Background and aims Coeliac disease (CD) is widely prevalent in North America, but case-finding techniques currently used may not be adequate for patient identification. We aimed to determine the adequacy of CD screening in an academic gastroenterology (GI) practice.
Methods Consecutive initial visits to a tertiary academic GI practice were surveyed over a 3-month period as a fellow-initiated quality improvement project. All electronic records were reviewed to look for indications for CD screening according to published guidelines. The timing of screening was noted (before or after referral), as well as the screening method (serology or biopsy). Data were analysed to compare CD screening practices across subspecialty clinics.
Results 616 consecutive patients (49±0.6 years, range 16–87 years, 58.5% females, 94% Caucasian) fulfilled inclusion criteria. CD testing was indicated in 336 (54.5%), but performed in only 145 (43.2%). The need for CD screening was highest in luminal GI and inflammatory bowel disease clinics, followed by biliary and hepatology clinics (p<0.0001); CD screening rate was highest in the luminal GI clinic (p=0.002). Of 145 patients screened, 4 patients (2.4%) had serology consistent with CD, of which 2 were proven by duodenal biopsy. Using this proportion, an additional 5 patients might have been diagnosed in 191 untested patients with indications for CD screening.
Conclusions More than 50% of patients in a tertiary GI clinic have indications for CD screening, but <50% of indicated cases are screened. Case-finding techniques therefore are suboptimal, constituting a gap in patient care and an important target for future quality improvement initiatives.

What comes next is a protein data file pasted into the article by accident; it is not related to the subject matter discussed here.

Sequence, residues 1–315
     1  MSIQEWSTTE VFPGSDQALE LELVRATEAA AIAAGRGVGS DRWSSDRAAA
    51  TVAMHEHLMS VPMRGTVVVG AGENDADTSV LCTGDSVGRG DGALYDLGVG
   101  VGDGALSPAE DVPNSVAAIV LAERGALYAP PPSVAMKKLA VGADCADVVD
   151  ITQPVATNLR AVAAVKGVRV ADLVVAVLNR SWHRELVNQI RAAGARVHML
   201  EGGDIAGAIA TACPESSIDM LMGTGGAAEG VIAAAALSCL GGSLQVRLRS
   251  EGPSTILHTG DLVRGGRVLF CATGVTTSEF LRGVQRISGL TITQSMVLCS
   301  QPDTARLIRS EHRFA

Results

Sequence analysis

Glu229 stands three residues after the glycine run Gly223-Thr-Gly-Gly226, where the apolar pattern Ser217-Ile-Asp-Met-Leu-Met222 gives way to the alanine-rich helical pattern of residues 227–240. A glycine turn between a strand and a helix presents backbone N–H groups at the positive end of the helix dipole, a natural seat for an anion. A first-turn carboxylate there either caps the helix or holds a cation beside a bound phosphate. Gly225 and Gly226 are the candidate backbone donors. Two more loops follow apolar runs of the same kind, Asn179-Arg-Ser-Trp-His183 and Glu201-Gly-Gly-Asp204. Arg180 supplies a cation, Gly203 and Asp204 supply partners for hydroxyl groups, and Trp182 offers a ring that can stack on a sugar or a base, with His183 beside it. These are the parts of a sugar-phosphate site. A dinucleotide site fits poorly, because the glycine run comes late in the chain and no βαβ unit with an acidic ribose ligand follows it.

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Contributors HI: study design, data management, statistical analysis, manuscript writing and revision; DMG, HV, FM, MKR, KR, AA, SG, SA, MM, EM, CM, AB and NK: data collection and database entry, revision of manuscript; GS: critical revision of the manuscript and CPG: study design, study oversight, manuscript writing and critical revision. Guarantors of the paper: HI and CPG.
Funding HI: 5T32DK007130-36, UL1TR000448; GS: K23 DK084113.
Competing interests None declared.
Ethics approval Washington University in St Louis Human Research Protection Office.
Provenance and peer review Not commissioned; externally peer reviewed.
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